Virus deactivation experiments
The 0.8–40 GHz spectrum investigated is discretized into 10 sub-bands based on the supported frequency range of each waveguide designation used, which are summarized in Table 2. The experimental range of 0.8– 40 GHz was selected to include and surround those in2,3 where resonances for comparable viruses were observed. Multiple waveguides were used to cover this band so that each test could be carried out at the waveguide’s fundamental frequency. It was crucial to operate in the waveguide’s fundamental frequency so that the field max was in the center of each viral sample. Each sub-band uses an identical microwave sweep plan, consisting of 10 equally-spaced discrete tones within its respective band. The microwave generation and amplification stage produces each tone with incident power of 2W to the waveguide for 45 seconds, in ascending order, for a total sweep time of 7.5 minutes. The total sweep time was selected to be comparable to that in2 which achieved significant viral reduction was observed for. Equal-concentration live virus samples are prepared and split into experimental and control groups. Both groups, control and experimental, each contain three samples so that every experiment (sub-band) can be repeated three times to analyze repeatability and average virus reduction. All samples are stored in an ice bath for the duration of the experiments. Experimental samples are temporarily removed from the ice bath and inserted into the waveguide, which thereafter are exposed to propagating microwave fields according to the sweep plan described. Control samples receive no exposure to microwaves. For every sub-band, the experiment is repeated for three trials. Plaque assay analysis is used to determine the average reduction in active virus of experimental samples relative to the control samples.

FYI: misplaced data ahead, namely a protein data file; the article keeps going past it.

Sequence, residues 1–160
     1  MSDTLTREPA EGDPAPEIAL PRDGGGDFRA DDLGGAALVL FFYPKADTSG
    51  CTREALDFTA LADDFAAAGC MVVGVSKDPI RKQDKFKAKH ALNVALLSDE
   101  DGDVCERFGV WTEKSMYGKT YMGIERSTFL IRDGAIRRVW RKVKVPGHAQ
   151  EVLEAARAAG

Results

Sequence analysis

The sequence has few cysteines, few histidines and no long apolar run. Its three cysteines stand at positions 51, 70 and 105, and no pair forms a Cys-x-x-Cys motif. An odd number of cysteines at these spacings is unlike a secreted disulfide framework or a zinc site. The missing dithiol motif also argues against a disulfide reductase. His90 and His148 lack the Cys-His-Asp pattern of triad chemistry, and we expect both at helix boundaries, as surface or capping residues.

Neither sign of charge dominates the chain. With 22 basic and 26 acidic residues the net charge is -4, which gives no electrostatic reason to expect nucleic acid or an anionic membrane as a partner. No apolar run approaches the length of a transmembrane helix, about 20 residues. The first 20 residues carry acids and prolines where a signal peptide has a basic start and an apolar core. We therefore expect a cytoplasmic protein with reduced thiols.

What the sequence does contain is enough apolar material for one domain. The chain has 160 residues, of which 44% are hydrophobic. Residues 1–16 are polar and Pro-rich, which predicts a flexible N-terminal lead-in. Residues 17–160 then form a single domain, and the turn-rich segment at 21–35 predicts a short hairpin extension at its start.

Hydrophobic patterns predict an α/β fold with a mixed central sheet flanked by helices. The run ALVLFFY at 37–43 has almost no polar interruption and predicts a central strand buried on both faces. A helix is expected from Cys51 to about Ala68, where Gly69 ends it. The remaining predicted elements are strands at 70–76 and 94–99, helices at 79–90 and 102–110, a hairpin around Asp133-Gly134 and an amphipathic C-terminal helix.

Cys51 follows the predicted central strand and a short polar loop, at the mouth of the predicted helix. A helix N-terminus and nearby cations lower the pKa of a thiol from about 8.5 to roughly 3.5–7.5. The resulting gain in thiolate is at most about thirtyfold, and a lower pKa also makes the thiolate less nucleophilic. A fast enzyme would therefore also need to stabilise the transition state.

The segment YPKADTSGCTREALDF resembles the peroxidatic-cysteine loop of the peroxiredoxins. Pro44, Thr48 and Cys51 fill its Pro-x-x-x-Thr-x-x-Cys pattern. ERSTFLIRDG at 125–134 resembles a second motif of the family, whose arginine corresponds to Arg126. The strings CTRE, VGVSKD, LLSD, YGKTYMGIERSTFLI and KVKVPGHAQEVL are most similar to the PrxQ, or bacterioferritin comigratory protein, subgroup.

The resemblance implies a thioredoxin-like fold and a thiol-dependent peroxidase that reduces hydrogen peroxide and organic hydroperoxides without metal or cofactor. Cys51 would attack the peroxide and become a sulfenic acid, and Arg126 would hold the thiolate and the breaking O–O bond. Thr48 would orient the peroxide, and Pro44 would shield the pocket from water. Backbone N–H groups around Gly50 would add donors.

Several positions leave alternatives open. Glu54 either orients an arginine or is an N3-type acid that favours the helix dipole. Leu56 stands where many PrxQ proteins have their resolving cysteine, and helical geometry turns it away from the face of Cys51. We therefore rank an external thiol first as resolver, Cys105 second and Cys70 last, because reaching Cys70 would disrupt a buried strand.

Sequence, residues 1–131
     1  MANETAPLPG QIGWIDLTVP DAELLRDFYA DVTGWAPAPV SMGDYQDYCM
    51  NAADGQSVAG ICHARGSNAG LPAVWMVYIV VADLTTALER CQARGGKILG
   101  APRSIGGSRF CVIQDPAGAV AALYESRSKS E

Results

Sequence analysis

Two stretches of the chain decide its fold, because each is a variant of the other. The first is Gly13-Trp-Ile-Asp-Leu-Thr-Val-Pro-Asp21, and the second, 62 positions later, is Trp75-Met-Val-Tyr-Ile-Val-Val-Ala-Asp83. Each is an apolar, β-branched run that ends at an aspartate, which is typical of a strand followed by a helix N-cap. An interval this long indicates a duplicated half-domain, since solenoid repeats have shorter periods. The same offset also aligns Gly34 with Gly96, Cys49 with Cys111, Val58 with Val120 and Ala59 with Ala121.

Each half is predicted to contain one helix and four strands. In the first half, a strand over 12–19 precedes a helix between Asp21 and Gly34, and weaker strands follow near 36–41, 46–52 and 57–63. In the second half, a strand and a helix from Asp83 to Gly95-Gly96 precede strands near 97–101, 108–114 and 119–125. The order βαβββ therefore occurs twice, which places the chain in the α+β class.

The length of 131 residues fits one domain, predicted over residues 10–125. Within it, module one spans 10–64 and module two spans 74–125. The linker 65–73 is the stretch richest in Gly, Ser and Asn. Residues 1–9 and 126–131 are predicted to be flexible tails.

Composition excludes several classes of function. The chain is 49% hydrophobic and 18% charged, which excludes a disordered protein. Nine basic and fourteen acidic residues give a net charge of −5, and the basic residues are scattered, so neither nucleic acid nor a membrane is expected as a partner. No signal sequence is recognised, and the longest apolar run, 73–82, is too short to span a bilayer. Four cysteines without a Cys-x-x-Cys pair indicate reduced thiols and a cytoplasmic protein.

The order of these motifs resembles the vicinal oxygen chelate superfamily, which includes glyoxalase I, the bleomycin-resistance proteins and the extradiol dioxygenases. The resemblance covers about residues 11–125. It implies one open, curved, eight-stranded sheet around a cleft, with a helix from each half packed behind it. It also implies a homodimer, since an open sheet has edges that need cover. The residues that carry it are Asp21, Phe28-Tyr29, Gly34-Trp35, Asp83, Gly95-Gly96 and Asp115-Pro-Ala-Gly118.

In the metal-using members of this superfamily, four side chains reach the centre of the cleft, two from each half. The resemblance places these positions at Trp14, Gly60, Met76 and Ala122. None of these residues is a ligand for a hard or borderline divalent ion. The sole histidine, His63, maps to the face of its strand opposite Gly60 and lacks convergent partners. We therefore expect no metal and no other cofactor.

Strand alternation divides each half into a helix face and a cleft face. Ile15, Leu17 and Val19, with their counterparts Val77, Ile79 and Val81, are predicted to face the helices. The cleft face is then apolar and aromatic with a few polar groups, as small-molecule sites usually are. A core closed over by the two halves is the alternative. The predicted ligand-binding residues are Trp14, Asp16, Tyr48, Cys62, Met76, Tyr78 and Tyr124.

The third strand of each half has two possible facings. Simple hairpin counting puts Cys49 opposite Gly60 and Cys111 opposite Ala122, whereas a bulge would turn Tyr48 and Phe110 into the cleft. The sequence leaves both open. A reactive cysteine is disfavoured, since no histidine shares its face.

Reduced-serum medium heating characterization
Reduced-serum medium (OptiMEM) heating is characterized to determine the amount of virus heating during virus deactivation experiments. A sample is prepared containing equal volume of medium used in experimental trials. Firstly, the temperature of the sample is measured to determine ambient room temperature. Thereafter, the sample is inserted into the experimental set-up where the virus deactivation sweep plan is executed, exposing the sample to microwaves within the waveguides. Upon completion of the sweep plan, the sample temperature is immediately measured to characterize any heating due to microwave exposure. This procedure is repeated for every sub-band included in this study in order to verify that sample heating is sufficiently low and would not contribute to virus deactivation in all cases.